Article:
The last couple days have been spent in the same location along Indian Creek in Indianhead, Pennsylvania. Close to where I grew up as a child, I find this creek to have some very interesting stones to choose from. The weather yesterday was a mixture of rain and snow making for less than ideal conditions. Actually downright unpleasant. I managed to build two balances. The first one was hideously aweful, the second was a little better. The first lasted less than a minute and produced 4 photos, the second I improved upon a bit, but also lasted about 50 seconds. Wet, cold, miserable and with darkness closing fast, I called it a day and retreated home for some warm dinner.
Today I returned to the same location and was greeted with somewhat more pleasant weather. It snowed large flakes almost the entire time which felt like a real life snow globe. The wind was blowing slightly less, which was better. I managed a few balances. The first was an astonishing point balance that may be the most minimal contact point I’ve ever achieved… hard to believe it was done while wearing gloves in a snowstorm? It lived a short duration of just a few moments allowing a quick examination and a few photos before toppling into the creek. I was going to rebuild it, but the point was damaged in the topple, rendering it less than ideal in my eyes. The second balance was less appealing in design, but technically more difficult. Balancing it became more of a game of “can I accomplish this before dark” than a well thought out, interesting piece. The snow came down harder producing a thin blanket of snow over the balance. Despite the balance being less than beautiful in my eyes the moment and experience made up for its lackluster design. I almost found myself dancing in the creek as the snow fell, then suddenly my hands quickly reminded me that they’d spent far too much time in frigid waters and that it was time to bid farewell to Indian Creek.
Seldom do I use broken stones in the balances I create. Sometimes they present themselves in a way that make them impossible to overlook. In this instance, choices for top rocks seemed to be eluding me intentionally. Low and behold, buried in the creek was this large stone that caught my eye. I loosened it from the creeks cold water only to see it was cracked, but of interesting shape. Slightly disappointed by the fracture, I inspected it from different angles, realizing that fate had taken its toll and this stone was presented for a reason. In my mind I equated it to a wishbone. This was the lucky half and not just a broken stone. Good things meant to happen and they did…This balance was finished just as heavy rains and night made their presence.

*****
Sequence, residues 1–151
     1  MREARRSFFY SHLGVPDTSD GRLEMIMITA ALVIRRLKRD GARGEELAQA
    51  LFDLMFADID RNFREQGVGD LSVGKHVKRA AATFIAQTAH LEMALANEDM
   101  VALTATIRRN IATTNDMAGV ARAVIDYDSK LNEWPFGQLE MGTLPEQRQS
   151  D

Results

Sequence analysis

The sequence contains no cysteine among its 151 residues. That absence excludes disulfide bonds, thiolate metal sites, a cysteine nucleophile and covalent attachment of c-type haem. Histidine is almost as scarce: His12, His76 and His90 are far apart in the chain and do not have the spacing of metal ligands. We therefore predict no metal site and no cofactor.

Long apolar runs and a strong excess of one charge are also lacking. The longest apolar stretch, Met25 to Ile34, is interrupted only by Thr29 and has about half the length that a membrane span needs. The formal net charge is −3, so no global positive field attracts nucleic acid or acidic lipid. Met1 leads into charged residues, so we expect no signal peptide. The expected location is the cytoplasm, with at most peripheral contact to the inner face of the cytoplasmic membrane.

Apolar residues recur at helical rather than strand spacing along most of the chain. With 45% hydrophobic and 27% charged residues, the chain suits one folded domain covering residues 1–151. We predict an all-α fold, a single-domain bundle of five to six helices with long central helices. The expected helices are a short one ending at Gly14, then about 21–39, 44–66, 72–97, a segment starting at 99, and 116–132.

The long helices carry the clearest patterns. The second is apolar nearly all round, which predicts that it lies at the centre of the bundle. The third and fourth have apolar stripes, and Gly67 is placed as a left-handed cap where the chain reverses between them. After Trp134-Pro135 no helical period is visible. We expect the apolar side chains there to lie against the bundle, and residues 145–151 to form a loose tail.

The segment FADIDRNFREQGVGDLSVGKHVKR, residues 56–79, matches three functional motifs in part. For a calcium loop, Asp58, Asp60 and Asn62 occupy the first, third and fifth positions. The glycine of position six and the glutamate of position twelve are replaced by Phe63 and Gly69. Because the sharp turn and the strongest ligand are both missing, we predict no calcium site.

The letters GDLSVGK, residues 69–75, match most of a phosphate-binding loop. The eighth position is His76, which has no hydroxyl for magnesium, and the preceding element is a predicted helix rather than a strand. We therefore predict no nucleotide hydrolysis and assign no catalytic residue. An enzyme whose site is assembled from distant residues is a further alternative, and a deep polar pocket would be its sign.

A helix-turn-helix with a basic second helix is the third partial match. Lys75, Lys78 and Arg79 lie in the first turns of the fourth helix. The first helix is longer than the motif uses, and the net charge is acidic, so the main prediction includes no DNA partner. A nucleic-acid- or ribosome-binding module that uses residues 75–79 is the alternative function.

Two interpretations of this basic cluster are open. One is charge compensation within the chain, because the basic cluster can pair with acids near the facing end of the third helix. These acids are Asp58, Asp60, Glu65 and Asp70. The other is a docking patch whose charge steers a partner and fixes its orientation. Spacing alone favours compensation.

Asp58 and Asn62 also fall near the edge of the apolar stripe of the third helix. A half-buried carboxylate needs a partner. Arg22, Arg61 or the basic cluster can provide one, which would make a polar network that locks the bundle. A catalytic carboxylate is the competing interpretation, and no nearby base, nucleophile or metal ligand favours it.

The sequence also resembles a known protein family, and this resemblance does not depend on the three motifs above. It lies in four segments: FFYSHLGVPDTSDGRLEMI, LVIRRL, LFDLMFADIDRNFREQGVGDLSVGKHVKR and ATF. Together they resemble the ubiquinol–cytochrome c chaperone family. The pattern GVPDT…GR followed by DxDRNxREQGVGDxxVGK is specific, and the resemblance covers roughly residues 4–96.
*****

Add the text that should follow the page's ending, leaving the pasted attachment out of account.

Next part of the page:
I spent some time creating this stone balance on the deck railing at home yesterday… It survived the night and throughout the day providing us with plenty of enjoyment. The evening turned out to be gorgeous allowing me to capture it in proper lighting 🙂
I’ve found my normal threshold for productive stone balancing to be roughly 15°F and above. Below that most creeks freeze over, stones are frozen to the ground and any that are selected from open creeks glaze over with ice within a minute of being pulled from the water. Yesterday was very near that threshold.
Beautiful Poplar Run in Western Pennsylvania
Tiny snowflakes started falling, just as I completed this balance
2015 has come and gone… It was a productive year that went by very quick. As we enter 2016, I look forward to what the future brings for KeyStone Balance. The mild weather has changed for the new year… Colder, winter conditions have moved in and I am once again remembering the challenges of cold weather stone balancing. Here’s a few photos of the new years balances to start things off right.